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    He who is unable to live in society, or who has no need because he is sufficient for himself, must be either a beast or a god This quote from Aristotle s Politics was new to me It was one of many highlights in this book Sandel s Justice is organized in a very interesting way He starts with utilitarian, then libertarian political philosophy You might assume he s following a sequence of conservative less sophisticated to liberal sophisticated And then, surprise, he throws three crazy detours Kant, Rawls, Aristotle This is not the usual stroll through moral and political philosophy s greatest hits The covert moral and political stances of so many so called philosophers is a big reason why Justice feels so refreshing You might wonder how the author votes or what his theoretical paradigm is, but not for long He s actually pretty middle of the road Oddly enough, he does have a secret agenda a philosophical one One thing that was a little frustrating at t...

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    On Plato s cave He s right, I think, but only in part The claims of the cave must be given their due If moral reflection is dialectical if it moves back and forth between the judgments we make in concrete situations and the principles that inform those judgments it needs opinions and convictions, however partial and untutored, as ground and grist A philosophy untouched by the shadows on the wall can only yield a sterile utopia p 29 I don t think I ever before heard anyone criticize the meaning behind the metaphor of Plato s cave It is just one of the unusual points Michael Sandel makes in this book.As I started reading, I thought this book was going to reflect a philosopher s exploration of justice, that is, divorced from the kind of psychological slant taken by Jonathan Haidt in The Righteous Mind Why Good People are Divided by Politics and Religion, for example, or from a historical framework as in Jerry Muller s The Mind and the Market Capitalism in Western Thought I thought the author was simply going to explore the various philosophical schools a la Philosophy 101, along with looking at some of the implications of those approaches Instead, as the book progressed, a trajectory emerged, hidden or unclear at times but eventually reaching a crescendo, followed by a denouement, almost like a play I don t mind saying that much, but at...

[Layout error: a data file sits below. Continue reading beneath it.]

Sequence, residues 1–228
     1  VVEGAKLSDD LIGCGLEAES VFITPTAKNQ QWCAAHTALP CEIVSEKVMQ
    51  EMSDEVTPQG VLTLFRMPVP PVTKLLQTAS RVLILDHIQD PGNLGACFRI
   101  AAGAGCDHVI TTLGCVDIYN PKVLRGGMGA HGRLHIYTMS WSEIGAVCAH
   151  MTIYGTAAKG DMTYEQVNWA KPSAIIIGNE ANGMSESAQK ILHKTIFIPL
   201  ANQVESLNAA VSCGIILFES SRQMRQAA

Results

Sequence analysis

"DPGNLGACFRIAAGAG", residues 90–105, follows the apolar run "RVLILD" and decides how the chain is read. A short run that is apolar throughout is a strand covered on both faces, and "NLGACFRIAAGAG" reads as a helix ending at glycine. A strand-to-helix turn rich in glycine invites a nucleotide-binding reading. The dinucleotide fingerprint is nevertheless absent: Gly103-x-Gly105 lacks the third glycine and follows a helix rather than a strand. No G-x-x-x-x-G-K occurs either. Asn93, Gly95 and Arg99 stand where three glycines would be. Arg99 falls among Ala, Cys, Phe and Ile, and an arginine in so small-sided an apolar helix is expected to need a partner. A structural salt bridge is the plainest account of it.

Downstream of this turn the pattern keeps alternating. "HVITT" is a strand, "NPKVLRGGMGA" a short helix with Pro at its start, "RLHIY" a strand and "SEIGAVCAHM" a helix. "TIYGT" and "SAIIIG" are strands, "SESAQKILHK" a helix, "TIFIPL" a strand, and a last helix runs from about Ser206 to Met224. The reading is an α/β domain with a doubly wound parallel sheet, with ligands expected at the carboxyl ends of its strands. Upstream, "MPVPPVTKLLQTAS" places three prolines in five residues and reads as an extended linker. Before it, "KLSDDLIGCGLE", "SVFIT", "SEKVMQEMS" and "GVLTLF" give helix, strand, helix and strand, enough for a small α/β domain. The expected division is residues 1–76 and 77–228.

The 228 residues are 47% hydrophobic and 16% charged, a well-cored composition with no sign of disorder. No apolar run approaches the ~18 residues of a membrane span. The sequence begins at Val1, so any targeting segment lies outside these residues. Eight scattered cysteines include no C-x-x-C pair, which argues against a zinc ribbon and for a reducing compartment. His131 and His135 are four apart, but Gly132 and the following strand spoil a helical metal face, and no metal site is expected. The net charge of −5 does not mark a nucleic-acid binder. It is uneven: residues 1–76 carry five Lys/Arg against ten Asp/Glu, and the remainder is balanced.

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    Michael Sandel is something of a moral rock star according to the Financial Times, with hordes of acolytes the world over It is easy for me to see why This book, published in 2009, discusses theories of fairness and freedom that have been the basis of political discourse and civic structure in the U.S for some fifty years, bringing us to the state of affairs we currently observe in our market un regulated society Sandel suggests that we may get twinges now and again that something is amiss in our transactional economy, with the mad rush to acquire , and our knowing the cost of everything does not reflect the value of anything of anything that really matters Sandel has a very smooth, well practiced style filled with amusing or absorbing ethical and moral choices that have been presented to us over the years, some of which we or the Supreme Court may have responded to but not resolved to our satisfaction Sandel waits for the end of his book to wade into the abortion issue, when we have been well steeped in philosophical theory for hours I was hoping for that I have never bought into any of the increasingly shrill and limited arguments on either side of that debate, and felt we were missing something essential in our thinking Sandel gently points to why the arguments of neither side satisfy our craving for justice and suggests there may be another way to look at the issue Y...

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Justice: What's the Right Thing to Do? Ph I Tr I Ng Sai L Quy N S Ch Best Seller T I M C A Gi O S Michael Sandel, I H C Harvard.S Ch B N V V N O C D I C I Nh N Tri T H C T C Gi A Ra C C V Vi C G Y Tranh C I V V N O C M X D I Nhi U G C , Theo Quan I M C A C C H C Thuy T Tri T H C Kh C Nhau, M I Ch Ng Tr Nh B Y S U V M T H C Thuy T Nh V Y, T T Ng C A Aristotle, Jeremy Bentham, Immanuel Kant, John Stuart Mill, Robert Nozick, V John Rawl C Tr Nh B Y V I S R R Ng V G N G I, M Theo New York Times L Hi M Khi C Gi I Th Ch D Hi U N Nh V Y.

  • Paperback
  • 402 pages
  • Justice: What's the Right Thing to Do?
  • Michael J. Sandel
  • Vietnamese
  • 10 July 2017

About the Author: Michael J. Sandel

Michael J Sandel b 1953 is an American political philosopher wholives in Brookline, Massachusetts He is the Anne T and Robert M Bass Professor of Government at Harvard University, where he has taught since 1980 He is best known for the Harvard course Justice , which is available to view online, and for his critique of John Rawls A Theory of Justice in his first book, Liberalism and the L